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Originally from Belarus, I currently live in London, UK. I work in higher education as a librarian. My professional interests have led me to Wikipedia projects. History and theology are two other passions of mine.
Minsk is the capital and largest city of the Republic of Belarus, its population is about two million people.
For a long time after the demise of the Soviet Union in 1991, Minsk and Belarus in general had a reputation of a Soviet experience park among those few tourists who considered visiting it. Recently, this stereotype has started losing its relevance: Minsk now offers reliable and affordable public transport, plentiful hotels, convenient banking, as well as shopping and dining experience that international tourists will find familiar. The quality and number of sightseeing opportunities have improved remarkably too. Minsk is the most popular tourist destination for Russian tourists, however visitors from any other country will find the city worth of visiting. Those who want to see the Soviet past in action, should venture further afield in Belarus and consider specialist tours.
Language may be a barrier to a certain extent. Virtually all Belarusians speak or understand both Belarusian and Russian; the latter remains the default means of communication. Increasingly more young people speak English and many of them will be eager to practice it. The older generation is unlikely to understand English. It is wise for visitors to learn some key phrases in Russian or Belarusian. Also, being familiar with the Cyrillic alphabet used both by Belarusian and Russian is essential for traveling without a guide. Many street signs and notices in public transport in Minsk are transliterated into the Latin alphabet. A confusion may arise from the fact that the names of landmarks, objects etc. may be transliterated either from Belarusian (as the current official practice requires, however it is not strictly enforced) or Russian; to add to the confusion, the old practice of translating geographical names still has a place. As the result, Плошча Перамогі (Площадь Победы in Russian) may be referred to in publications as Plošča Pieramohi (or Pieramohi Square - transliteration from Belarusian), Pobedy Square (transliteration from Russian) or Victory Square (direct translation). There is no an easy way to avoid this confusion completely right now, however, being aware of the possibility of the same object being referred to differently depending on the original language used by the speaker should help. Please see also the official standard used for transliteration of Belarusian geographical names into the Latin alphabet .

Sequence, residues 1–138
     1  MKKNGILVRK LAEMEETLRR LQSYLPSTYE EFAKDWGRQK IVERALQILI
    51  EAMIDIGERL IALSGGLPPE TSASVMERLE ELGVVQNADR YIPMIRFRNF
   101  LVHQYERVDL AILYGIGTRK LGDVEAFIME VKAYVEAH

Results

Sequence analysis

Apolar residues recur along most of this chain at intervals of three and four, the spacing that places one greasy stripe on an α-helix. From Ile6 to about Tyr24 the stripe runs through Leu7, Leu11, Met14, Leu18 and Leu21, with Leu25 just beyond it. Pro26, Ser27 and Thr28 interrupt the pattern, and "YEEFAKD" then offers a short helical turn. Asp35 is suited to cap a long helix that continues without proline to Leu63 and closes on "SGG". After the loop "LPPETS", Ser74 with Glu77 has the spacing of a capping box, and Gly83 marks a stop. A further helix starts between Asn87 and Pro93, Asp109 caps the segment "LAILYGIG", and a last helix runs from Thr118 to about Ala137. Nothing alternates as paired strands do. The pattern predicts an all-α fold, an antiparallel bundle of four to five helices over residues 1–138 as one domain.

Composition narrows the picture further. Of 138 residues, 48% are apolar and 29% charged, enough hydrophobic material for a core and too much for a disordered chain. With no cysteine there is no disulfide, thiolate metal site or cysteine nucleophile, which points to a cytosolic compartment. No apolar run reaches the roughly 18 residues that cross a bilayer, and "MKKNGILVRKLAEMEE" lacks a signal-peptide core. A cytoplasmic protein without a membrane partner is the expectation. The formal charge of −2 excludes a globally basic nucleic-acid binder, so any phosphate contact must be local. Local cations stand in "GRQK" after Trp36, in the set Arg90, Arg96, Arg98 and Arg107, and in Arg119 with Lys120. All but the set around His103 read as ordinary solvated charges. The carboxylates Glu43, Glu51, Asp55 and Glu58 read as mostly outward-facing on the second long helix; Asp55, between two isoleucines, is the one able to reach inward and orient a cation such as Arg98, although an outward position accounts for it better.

The city is situated on the Svislač and Niamiha rivers. After a near total destruction during the World War II, the historical centre was replaced in the 1940s and 1950s by Stalinist architecture, which favoured grand buildings, broad avenues and wide squares. 80% of the city was destroyed during World War II and Minsk rebuilt in 1950s to the liking of Joseph Stalin. Large Soviet-Bloc style "palaces" make up a portion of the city centre. For this reason Minsk is a wonderful place to visit for those interested in the Soviet Union who want to see it almost alive.